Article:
SES Networks’ Team Spotlight: Dax Aiken, Vice President – Global Channels & Alliances

SES Networks’ Team Spotlight: Dax Aiken, Vice President – Global Channels & Alliances

What do you do when the leader in satellite-based communications invites you to come on board to define the strategy and lead the charge to build, enable and elevate a partner ecosystem that will redefine the standard for its industry? If you’re Dax Aiken, Vice President of Global Channels & Alliances for SES Networks, you say an enthusiastic “yes,” roll up your sleeves and get right to work. We recently spoke with Dax about his new role in the organisation, the opportunity that lies ahead and why partnerships and alliances make the world go ‘round. Here’s what he had to say…

Welcome to SES Networks, Dax! Can you tell us a little about your new role and the goals you plan to achieve?

Thank you! In the simplest of terms, my role in the company is to define the strategy around our partner ecosystem and work with the larger organisation and our partners to execute and ensure success for all. That includes everything from building and implementing a world-class partner programme, recruiting and enabling best-of-breed partners that will help us deliver the solutions our customers are demanding, and driving a partnership mindset into every corner of the organisation – from sales and marketing, to engineering and service delivery, to administration and leadership.

Why was it so important for SES Networks to bring on someone like you at this juncture – what was the business driver?

Our organisation – and, quite frankly, our industry – is going through a period of transition, one with unbounded opportunity on the other side. Think about it… There’s tremendous opportunity in markets like energy, aero and maritime. Then there’s the opportunity to enable growth as mobile networks evolve from 3G to 4G to 5G. And don’t forget the cloud – we want to ensure every business can tap the productivity and efficiency of the cloud, but this requires a certain level of real-time application performance, regardless of location. Only SES Networks can deliver that type of seamless anytime, anywhere connectivity through our fleet of satellites and managed services.

But to truly capitalize on all this opportunity, we need to find partners that have either the market expertise or the technical capabilities that – together with SES Networks – make a more valuable solution for our mutual customers. That’s where the partner ecosystem and the partner programme come in.  You need a viable partner strategy to be able to scale and grow as a company, and to take advantage of the opportunities that lie ahead.

You’ve led the partner organisations for some very well-known technology companies. What makes a company truly partner-centric?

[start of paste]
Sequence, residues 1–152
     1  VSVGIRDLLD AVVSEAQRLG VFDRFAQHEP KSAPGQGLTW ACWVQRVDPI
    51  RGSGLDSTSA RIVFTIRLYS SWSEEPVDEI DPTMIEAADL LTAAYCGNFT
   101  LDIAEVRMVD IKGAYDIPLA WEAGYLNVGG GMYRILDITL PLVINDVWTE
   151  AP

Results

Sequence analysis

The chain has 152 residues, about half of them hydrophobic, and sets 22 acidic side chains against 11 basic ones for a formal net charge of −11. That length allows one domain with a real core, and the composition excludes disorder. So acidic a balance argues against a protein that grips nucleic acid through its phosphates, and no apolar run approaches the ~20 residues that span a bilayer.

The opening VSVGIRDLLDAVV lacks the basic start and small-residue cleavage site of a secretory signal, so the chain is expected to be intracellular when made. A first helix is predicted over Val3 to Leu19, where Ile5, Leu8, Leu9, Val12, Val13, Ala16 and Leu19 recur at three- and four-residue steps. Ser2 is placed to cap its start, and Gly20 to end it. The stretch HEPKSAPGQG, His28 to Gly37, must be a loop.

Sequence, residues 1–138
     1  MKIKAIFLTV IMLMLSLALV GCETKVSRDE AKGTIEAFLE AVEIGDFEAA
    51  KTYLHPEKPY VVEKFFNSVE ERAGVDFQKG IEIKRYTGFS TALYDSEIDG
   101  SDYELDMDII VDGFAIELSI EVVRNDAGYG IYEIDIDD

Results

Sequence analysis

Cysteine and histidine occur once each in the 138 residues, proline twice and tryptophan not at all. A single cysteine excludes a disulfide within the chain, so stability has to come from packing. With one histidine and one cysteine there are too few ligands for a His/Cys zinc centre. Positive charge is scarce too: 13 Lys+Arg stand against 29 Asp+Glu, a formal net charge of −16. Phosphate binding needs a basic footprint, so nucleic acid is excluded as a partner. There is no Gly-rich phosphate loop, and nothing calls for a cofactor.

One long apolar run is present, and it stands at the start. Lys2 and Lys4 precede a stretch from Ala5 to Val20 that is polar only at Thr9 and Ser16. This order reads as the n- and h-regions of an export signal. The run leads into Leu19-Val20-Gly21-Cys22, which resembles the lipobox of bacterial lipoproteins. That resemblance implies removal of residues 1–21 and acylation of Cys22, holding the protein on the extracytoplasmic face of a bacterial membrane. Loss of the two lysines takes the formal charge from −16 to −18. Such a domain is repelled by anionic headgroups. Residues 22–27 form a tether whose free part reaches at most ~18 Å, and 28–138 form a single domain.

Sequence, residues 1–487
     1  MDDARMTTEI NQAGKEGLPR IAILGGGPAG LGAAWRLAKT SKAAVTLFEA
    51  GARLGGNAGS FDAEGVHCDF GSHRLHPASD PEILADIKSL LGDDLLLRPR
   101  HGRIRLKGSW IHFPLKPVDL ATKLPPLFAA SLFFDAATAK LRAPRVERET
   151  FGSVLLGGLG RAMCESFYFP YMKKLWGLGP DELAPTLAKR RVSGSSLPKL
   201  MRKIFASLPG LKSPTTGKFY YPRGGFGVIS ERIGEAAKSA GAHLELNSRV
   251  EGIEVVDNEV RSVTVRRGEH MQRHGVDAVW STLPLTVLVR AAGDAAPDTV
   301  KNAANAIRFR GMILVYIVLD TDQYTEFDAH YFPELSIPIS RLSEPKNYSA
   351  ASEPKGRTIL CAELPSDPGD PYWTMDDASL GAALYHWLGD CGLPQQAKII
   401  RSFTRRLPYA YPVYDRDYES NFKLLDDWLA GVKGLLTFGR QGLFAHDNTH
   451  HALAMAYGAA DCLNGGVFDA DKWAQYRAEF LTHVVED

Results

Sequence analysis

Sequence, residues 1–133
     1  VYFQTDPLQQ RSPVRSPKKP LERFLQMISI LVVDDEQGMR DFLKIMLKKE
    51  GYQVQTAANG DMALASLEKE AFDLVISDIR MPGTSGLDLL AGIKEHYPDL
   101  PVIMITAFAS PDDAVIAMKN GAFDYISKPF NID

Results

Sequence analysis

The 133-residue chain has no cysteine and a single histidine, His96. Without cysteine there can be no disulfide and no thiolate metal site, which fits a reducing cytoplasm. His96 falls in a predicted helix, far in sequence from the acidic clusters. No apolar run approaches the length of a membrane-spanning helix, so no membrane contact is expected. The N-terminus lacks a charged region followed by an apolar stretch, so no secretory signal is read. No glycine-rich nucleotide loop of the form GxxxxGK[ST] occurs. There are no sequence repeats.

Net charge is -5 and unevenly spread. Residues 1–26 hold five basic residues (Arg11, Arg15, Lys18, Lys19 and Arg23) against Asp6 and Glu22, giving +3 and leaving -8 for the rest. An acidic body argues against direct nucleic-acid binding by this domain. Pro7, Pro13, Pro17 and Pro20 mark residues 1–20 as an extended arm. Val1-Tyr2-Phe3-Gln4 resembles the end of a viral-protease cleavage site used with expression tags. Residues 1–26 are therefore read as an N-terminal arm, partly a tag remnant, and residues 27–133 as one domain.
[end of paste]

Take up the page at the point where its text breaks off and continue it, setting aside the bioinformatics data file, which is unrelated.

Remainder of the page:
I came to SES Networks from one of the most partner-centric organisations in the world. They didn’t just talk about the importance of partners – they lived it every day and across the entire company. It was in their DNA. That’s the culture the executive team at SES Networks is seeking to create. We want more than just a partner programme on paper – we want to build a partner ecosystem that is a true extension of our organisation. That’s the difference between a partner-centric company and one that just works with partners. To truly be partner-centric, you have to live and breathe a partnership mentality across everything you do and every decision you make.

So where do you start? How do you build the calibre of partner programme that will empower all the players across the ecosystem to capitalize on the opportunity ahead?

At the most basic level, you have to start by defining what is a partner. This is important, because it sets the stage for the entire relationship – from contractual agreements to expectation-setting, to relationship-building.  From my perspective, if you’re providing a service, capability or knowledge that creates more customer value than what we can create individually, you’re a partner; and my job is to train, incentivize and enable you as if you sat within the four walls of our organisation.

The next step is to build the programme – something we can be proud to take to market. We need to talk and listen to our partners to understand what they need to be successful and incorporate those characteristics into the programme. We can then roll out and trial the programme and modify it based on partner feedback. The partners’ input and response is critical. If we don’t ask for it, or if we ignore it or don’t take it seriously, we’re doing a disservice to the partners and to us as a company. We might as well not build a partner programme at all.

Finally, we need to look ahead and forecast what our partners will need going forward and be prepared to deliver. Every company wants to grow – we need to make sure we’re poised to help our partners achieve their growth goals, as well as our own, or else they’ll find another company to work with.  

In closing, what’s the most important question a partner-centric company can ask itself?

The best question they can ask themselves is, “Are we great to do business with?” It seems simple, but it’s at the core of what makes a business successful. We want to create a brilliant partner experience. If we do that and make it easy for partners to do business with us, growth becomes organic!